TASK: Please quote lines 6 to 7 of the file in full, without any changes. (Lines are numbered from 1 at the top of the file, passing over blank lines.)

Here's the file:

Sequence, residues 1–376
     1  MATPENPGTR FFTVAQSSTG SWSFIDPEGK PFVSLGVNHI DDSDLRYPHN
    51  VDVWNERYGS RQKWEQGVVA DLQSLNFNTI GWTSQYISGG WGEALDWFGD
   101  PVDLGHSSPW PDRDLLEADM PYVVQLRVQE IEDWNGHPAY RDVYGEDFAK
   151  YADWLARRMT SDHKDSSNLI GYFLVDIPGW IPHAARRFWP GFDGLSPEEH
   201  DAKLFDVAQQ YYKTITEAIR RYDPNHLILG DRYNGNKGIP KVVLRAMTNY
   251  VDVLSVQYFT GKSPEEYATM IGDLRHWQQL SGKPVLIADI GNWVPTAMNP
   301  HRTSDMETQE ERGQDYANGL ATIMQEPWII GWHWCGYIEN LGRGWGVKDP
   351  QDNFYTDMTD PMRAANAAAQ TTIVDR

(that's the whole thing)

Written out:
   201  DAKLFDVAQQ YYKTITEAIR RYDPNHLILG DRYNGNKGIP KVVLRAMTNY
   251  VDVLSVQYFT GKSPEEYATM IGDLRHWQQL SGKPVLIADI GNWVPTAMNP